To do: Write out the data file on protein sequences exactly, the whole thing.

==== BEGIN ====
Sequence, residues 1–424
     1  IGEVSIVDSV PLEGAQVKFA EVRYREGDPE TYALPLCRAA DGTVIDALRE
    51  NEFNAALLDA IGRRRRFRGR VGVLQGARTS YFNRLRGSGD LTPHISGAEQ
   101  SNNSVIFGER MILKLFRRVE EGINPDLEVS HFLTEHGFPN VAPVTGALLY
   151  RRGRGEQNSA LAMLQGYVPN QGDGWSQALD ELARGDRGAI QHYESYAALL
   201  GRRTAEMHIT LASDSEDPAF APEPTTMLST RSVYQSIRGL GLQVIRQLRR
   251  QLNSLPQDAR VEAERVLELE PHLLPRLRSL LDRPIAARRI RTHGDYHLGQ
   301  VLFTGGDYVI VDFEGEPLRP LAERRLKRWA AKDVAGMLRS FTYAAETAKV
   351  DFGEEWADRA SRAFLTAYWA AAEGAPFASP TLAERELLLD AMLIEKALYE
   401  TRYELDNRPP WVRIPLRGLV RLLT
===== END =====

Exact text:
Sequence, residues 1–424
     1  IGEVSIVDSV PLEGAQVKFA EVRYREGDPE TYALPLCRAA DGTVIDALRE
    51  NEFNAALLDA IGRRRRFRGR VGVLQGARTS YFNRLRGSGD LTPHISGAEQ
   101  SNNSVIFGER MILKLFRRVE EGINPDLEVS HFLTEHGFPN VAPVTGALLY
   151  RRGRGEQNSA LAMLQGYVPN QGDGWSQALD ELARGDRGAI QHYESYAALL
   201  GRRTAEMHIT LASDSEDPAF APEPTTMLST RSVYQSIRGL GLQVIRQLRR
   251  QLNSLPQDAR VEAERVLELE PHLLPRLRSL LDRPIAARRI RTHGDYHLGQ
   301  VLFTGGDYVI VDFEGEPLRP LAERRLKRWA AKDVAGMLRS FTYAAETAKV
   351  DFGEEWADRA SRAFLTAYWA AAEGAPFASP TLAERELLLD AMLIEKALYE
   401  TRYELDNRPP WVRIPLRGLV RLLT